Merck & Co. Inc. said Friday it will pay $4.85 billion US to settle thousands of lawsuits in the United States over its anti-inflammatory painkillerVioxx.
The New Jersey-based company faces about 26,600 lawsuits covering 47,000 plaintiffs, plus about 265 potential class action cases.The suits were launched by people who claimed that usingVioxx contributed toheart disease or stroke.
Ina release issued before the opening of North American stock markets, Merck said the money is not a class-action settlement and claims will be evaluated on an individual basis.
Investors reacted by sending Merck shares up $1.13 US to close at $55.90 US on the NYSE.
The agreement applies only to legal residents of the United States and those who allege that they suffered aheart attackor stroke in the U.S.
A condition of the settlement becoming binding is that 85 per cent of all plantiffs must agree to drop their claims.
The agreement was signed by the company and lawyers for the plantiffs early Friday morning after they met with three of the four judges co-ordinating more than 95 per cent of the Vioxx lawsuits.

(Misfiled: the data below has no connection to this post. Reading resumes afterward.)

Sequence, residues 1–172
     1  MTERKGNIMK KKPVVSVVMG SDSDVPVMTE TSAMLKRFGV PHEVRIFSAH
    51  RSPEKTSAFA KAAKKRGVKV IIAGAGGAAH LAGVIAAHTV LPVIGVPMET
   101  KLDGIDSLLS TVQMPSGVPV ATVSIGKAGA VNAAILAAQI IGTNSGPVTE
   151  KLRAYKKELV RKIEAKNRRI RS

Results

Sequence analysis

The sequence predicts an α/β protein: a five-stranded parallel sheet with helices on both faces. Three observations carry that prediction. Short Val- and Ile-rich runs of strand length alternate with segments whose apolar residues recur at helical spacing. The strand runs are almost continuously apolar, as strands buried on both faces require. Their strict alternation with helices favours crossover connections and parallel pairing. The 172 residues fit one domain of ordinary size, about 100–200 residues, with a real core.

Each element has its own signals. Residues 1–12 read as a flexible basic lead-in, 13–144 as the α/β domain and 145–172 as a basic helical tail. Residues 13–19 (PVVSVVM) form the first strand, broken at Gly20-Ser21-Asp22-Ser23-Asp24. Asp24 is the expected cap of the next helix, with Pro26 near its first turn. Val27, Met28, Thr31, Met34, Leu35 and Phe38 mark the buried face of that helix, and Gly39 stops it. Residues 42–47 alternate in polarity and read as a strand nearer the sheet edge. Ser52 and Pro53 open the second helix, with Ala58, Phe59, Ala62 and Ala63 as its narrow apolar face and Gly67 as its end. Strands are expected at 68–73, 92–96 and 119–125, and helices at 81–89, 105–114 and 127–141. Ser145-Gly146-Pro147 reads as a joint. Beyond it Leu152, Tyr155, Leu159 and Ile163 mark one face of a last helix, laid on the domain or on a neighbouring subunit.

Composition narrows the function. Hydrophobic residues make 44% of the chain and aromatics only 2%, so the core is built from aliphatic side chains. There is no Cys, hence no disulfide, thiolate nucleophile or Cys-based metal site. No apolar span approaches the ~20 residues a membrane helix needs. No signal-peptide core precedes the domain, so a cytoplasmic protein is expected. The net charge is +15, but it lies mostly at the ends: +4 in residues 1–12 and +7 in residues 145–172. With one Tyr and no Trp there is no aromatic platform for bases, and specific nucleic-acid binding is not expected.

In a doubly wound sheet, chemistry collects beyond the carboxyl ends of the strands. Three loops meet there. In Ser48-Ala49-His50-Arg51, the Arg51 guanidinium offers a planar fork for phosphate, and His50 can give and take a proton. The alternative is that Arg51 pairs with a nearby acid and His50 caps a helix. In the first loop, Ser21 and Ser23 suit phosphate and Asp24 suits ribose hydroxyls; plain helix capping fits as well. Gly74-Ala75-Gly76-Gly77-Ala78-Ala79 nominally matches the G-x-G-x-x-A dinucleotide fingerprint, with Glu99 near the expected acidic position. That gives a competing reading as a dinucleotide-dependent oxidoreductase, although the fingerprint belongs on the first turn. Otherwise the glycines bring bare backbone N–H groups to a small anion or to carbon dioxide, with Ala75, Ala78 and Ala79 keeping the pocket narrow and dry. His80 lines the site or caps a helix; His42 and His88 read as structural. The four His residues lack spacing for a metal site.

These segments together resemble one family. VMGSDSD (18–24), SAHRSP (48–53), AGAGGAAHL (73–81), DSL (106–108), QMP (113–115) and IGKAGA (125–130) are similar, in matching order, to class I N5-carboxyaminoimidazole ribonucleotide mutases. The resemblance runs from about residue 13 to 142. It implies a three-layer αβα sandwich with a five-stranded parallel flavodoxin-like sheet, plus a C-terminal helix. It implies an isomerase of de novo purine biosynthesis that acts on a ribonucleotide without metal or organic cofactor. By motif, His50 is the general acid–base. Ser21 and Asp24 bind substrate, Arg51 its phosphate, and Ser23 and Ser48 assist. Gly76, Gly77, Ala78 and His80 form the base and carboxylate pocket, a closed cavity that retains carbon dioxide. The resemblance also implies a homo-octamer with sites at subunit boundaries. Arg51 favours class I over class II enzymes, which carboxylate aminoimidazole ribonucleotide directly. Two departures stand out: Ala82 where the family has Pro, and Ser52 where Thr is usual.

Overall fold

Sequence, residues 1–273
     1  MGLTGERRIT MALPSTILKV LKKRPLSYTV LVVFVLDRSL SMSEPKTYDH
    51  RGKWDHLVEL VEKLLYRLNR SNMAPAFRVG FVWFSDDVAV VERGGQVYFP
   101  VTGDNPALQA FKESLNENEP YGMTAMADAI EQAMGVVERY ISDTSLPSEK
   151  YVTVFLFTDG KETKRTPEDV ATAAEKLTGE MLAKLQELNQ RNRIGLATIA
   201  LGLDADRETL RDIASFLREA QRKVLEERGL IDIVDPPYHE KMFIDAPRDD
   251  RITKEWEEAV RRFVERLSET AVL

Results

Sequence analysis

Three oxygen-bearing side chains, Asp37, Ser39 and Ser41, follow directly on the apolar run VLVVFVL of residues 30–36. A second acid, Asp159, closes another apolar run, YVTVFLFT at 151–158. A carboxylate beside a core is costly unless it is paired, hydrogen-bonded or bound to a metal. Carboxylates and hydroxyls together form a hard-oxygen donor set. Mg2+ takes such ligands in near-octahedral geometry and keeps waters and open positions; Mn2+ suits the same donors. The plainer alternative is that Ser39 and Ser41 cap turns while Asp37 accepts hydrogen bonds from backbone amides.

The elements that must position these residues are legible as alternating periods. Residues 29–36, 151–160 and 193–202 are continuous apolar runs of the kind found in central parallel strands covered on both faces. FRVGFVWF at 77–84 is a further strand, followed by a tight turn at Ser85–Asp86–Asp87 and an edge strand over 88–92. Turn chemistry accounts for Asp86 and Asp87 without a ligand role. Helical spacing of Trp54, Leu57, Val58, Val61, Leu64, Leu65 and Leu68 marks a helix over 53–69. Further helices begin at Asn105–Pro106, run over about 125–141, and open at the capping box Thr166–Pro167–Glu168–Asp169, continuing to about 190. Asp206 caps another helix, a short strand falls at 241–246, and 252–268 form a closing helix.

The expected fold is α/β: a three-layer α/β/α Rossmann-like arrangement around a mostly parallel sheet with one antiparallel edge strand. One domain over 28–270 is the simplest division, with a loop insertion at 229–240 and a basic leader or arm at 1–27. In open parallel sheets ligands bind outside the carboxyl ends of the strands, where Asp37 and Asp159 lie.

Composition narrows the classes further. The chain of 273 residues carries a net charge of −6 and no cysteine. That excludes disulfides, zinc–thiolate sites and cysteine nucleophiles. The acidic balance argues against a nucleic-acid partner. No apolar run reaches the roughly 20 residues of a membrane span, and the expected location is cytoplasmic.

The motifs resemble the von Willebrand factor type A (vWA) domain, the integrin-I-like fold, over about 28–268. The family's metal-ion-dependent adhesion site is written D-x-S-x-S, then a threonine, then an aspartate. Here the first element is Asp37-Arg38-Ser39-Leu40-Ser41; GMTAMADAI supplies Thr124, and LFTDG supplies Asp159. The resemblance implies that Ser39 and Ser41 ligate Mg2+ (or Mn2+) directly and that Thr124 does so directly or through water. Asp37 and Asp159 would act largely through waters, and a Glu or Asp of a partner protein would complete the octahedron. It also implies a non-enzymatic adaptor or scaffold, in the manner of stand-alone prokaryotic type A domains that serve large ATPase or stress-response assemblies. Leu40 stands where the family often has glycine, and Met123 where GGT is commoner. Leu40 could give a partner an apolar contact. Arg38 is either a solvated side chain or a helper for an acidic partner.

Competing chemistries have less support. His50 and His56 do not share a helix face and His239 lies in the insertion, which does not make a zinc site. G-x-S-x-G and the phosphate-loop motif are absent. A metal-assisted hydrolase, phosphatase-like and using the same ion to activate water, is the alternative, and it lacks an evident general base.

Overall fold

As part of the deal, Merck would not have to admit cause or fault.
Merck voluntarily withdrew Vioxx from the marketplace on Sept. 30, 2004.
The company said it will book a $4.85-billion US charge in its fourth quarter to cover the cost of the settlement.
"This agreement also makes sense for the company because, since 2004, we have reserved approximately $1.9 billion US for defending Vioxx litigation and, absent this agreement, could anticipate that the litigation might stretch on for years," said Bruce Kuhlik, Merck's senior vice-president and general counsel, in a statement.
A Canadian lawyer handling 300 Vioxx cases from across the country said heexpects that Merckwill quickly seek to settle all of itscases in Canada.
"We are prepared to fight these cases patient by patient, case by case" if a settlement is not forthcoming, Greg Monforton said.